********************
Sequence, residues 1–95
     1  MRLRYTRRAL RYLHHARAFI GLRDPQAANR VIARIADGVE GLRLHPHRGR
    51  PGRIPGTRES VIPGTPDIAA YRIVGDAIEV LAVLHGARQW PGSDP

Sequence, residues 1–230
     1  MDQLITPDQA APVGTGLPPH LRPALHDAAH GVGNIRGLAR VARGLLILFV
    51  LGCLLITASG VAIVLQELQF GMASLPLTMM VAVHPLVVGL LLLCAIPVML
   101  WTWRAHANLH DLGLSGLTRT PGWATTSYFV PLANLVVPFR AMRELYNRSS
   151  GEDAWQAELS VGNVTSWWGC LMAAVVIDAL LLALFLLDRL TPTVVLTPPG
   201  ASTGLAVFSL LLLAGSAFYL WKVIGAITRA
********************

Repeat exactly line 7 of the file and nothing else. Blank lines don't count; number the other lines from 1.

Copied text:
   101  WTWRAHANLH DLGLSGLTRT PGWATTSYFV PLANLVVPFR AMRELYNRSS